Infrastructure

Current Understanding

Louisiana and the other parts of the coastal delta face great difficulty recovering vital services lost due to hurricanes Katrina and Rita. The energy infrastructure including production facilities, pipelines, and refineries has been devastated. This caused an increase in energy costs because many of the facilities are still offline. In addition, the area is left with a staggering need for redevelopment to better protect the population from future hurricanes and tropical storms. Integration of scientific information into the reconstruction of the destroyed infrastructure is one of the greatest needs for those involved with rebuilding.

The crippling flooding associated with hurricanes Katrina and Rita proved that the flood control measures in New Orleans were incapable of providing adequate protection to the city. Considerable evidence in the aftermath of events has noted design and construction deficiencies in the overwhelmed floodwalls and levee system, although final assessments of the cause of levee failure are yet to be released. It is known that levee failure led to massive failures in the storm protection system and damage to the physical infrastructure.

In the past, dams and flood control levees were built using I beams or inverted T beams, but the loose soils of New Orleans slipped from the barriers and left them unstable. Finding a way to ensure robust flood control levees and providing better protection of evacuation routes are glaring needs that demand immediate attention.

Several vital components of the communications infrastructure such as a key satellite receiving station along the Mississippi coast as well as scores of cellular telephone towers were downed or rendered unusable from flooding and wind damage. That damage reduced the ability to issue warnings and prevented the effective spread of information concerning the hurricanes.

Hurricane floodwaters destroyed innumerable structures and significantly damaged shipping lanes in the major deepwater port region. Evacuation routes were inundated or rendered unsafe because of the storm surge, adding further confusion and difficulty for fleeing citizens. Chemicals and contaminants from refineries along with sewerage mixing with floodwaters, fortunately, did not translate into illness among the population. In addition to people being uprooted by flooding, the fabric of the region from buildings to wetlands was disrupted. Future developments have been imperiled.

Physical infrastructure challenges include determining the best ways to prioritize reconstruction projects, rebuilding Gulf Coast seaports, and carving out new shipping lanes where the existing ones were damaged.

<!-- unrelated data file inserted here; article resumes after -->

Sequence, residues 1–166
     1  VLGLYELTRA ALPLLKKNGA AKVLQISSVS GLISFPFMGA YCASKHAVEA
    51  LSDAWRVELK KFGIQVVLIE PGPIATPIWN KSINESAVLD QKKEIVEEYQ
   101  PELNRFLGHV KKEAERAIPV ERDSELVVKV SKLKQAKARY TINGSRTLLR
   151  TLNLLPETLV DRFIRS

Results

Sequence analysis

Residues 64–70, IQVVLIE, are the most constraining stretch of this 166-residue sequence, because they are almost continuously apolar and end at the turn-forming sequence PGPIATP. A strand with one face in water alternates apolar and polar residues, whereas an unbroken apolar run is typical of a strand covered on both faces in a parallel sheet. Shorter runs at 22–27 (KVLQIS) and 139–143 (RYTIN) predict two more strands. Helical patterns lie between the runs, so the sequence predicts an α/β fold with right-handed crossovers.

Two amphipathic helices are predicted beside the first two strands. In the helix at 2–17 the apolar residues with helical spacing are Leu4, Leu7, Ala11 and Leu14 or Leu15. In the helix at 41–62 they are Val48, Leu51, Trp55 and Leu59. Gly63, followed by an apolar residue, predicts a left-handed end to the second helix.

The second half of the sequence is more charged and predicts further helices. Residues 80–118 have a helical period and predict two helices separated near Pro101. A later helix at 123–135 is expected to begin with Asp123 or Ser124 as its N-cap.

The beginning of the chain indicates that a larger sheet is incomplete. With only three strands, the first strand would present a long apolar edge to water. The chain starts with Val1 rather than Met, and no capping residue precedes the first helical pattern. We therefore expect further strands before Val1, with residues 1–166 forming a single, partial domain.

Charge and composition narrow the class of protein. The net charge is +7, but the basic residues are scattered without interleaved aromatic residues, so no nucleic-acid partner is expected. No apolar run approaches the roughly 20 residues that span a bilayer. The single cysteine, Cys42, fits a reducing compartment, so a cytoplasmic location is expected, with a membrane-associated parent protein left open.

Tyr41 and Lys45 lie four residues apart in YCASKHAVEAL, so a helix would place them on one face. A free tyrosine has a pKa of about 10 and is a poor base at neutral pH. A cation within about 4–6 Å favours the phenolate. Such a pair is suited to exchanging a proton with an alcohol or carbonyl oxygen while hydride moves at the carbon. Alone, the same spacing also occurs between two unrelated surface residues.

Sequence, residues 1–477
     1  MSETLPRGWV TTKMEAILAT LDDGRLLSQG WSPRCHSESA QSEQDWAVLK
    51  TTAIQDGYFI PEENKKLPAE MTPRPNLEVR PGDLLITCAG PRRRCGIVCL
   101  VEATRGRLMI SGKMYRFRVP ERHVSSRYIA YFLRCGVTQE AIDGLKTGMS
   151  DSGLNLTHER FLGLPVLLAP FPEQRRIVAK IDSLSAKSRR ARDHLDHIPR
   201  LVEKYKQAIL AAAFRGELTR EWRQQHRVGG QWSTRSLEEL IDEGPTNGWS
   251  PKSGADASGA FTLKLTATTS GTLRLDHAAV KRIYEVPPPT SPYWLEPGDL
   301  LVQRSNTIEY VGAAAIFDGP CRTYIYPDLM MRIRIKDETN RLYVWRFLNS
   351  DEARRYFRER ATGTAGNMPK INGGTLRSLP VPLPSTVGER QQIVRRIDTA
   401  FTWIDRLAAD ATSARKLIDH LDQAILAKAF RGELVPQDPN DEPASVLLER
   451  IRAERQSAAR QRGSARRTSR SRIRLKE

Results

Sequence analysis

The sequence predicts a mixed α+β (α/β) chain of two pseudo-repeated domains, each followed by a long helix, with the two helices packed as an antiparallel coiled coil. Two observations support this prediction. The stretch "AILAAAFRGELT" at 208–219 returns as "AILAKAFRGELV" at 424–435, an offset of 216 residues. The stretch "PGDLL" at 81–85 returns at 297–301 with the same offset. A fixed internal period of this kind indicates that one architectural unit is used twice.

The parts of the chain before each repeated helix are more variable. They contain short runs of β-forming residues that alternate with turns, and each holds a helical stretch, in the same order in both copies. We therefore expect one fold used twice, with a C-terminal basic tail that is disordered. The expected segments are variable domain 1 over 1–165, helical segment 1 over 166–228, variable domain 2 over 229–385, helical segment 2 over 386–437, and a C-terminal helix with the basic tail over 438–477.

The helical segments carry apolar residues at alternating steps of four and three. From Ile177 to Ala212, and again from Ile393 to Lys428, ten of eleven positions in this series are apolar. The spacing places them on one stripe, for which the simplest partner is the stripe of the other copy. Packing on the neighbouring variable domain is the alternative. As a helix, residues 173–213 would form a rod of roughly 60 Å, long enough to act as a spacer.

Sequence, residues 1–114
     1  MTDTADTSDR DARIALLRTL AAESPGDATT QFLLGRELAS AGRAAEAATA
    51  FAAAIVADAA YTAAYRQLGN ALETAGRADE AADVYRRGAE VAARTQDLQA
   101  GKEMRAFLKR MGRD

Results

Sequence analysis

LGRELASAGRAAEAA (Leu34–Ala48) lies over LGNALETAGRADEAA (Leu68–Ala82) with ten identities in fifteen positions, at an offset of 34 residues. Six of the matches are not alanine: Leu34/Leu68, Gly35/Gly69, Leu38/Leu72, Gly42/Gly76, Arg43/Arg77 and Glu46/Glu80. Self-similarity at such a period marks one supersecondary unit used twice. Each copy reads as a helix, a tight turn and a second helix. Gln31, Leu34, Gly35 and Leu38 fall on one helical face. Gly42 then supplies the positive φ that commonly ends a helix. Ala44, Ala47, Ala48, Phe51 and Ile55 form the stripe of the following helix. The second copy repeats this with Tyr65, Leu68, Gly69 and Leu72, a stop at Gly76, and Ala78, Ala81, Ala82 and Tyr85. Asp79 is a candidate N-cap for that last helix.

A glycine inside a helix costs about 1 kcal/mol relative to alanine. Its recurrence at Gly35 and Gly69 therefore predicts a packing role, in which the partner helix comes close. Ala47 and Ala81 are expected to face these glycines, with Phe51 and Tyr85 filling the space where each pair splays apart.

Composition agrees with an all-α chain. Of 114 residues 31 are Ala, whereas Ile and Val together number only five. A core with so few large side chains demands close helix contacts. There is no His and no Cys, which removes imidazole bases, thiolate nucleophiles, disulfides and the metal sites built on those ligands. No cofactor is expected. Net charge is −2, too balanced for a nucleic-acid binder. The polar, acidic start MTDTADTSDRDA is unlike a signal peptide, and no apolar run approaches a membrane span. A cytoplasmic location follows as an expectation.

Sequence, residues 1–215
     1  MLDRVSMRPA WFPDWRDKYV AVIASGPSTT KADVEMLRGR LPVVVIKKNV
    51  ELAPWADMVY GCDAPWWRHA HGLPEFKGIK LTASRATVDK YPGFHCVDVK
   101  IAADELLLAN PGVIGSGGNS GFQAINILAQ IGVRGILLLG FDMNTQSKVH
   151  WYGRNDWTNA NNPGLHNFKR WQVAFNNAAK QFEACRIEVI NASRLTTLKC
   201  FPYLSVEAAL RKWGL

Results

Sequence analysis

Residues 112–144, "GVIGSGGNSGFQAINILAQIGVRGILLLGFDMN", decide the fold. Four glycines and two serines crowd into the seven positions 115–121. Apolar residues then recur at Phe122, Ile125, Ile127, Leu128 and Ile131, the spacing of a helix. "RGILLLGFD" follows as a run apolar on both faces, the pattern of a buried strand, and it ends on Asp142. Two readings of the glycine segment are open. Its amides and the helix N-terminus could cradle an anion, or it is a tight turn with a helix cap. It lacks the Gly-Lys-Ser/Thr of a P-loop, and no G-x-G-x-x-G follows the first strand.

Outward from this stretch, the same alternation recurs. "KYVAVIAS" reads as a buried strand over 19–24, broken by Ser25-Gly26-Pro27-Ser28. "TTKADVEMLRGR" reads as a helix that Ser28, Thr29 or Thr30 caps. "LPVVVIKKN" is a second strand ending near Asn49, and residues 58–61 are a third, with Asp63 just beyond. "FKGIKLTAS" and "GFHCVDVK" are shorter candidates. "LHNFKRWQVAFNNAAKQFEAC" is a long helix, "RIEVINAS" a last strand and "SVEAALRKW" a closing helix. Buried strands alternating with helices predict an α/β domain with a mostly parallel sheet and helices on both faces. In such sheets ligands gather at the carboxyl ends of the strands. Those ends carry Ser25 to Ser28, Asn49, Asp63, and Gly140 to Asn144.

Near-Term Needs

Needs for reconstruction must be carefully prioritized. There are a large number of projects involved with rebuilding the Gulf Coast, many of which require immediate attention. One significant hurdle will be prioritizing the various needs throughout the region. The piecemeal development over the past half century in areas of the Gulf Coast affected by the hurricanes has been undone. A chance to rebuild an adequate infrastructure now exists.

Reconstruction must be directed toward building an integrated infrastructure that takes into account both economic/social needs and physical realities. Major elements of that infrastructure include rebuilding coastal ports and energy facilities, providing safer storm shelters, constructing more resilient observation and communications centers, protecting critical infrastructure such as hospitals and shelters, providing better planned and maintained evacuation routes, and creating more effective flood control levees. Planners, engineers, and scientists need to confront these problems together. Existing models, for example, need to consider rising sea levels and warming in the Gulf of Mexico. The underlying geology of the region must not be overlooked since it plays such a vital role in any construction.

Selected navigation channels have to be maintained.

Longer-Term Directions

Improving technology shortcomings such as computer models or satellite data interpretations that can simulate wind and water conditions more realistically is essential. In addition, there is a need for a more resilient infrastructure and improved siting for many of those components. All will require additional research. Better quality data will improve the accuracy of landfall predictions, tidal heights, and storm surges associated with large storms. Model output should provide wind speed over land from which assessments can be made of site-specific potential damage. Such systems will require significant upgrades from existing technology and the use of supercomputers.

Creation of an integrated system to determine how the storm surge will interact with ground features such as the landforms and buildings can help prevent the types of water bottlenecks that initiated the floodwall breaches in New Orleans. The Interagency Performance Evaluation Task Force (IPET) as well as several other groups already have performed such modeling. Additionally, placing restrictions on development in areas adjacent to flood control structures might be considered as a way to minimize future damage. Construction of protected satellite and ground observation stations will allow better land and sea observations to be made even under adverse conditions. Hardened communications systems are vital for protecting a vulnerable population. Ideally, scientific equipment and human systems could be coordinated and tied together seamlessly to hasten a rapid recovery after any future disaster.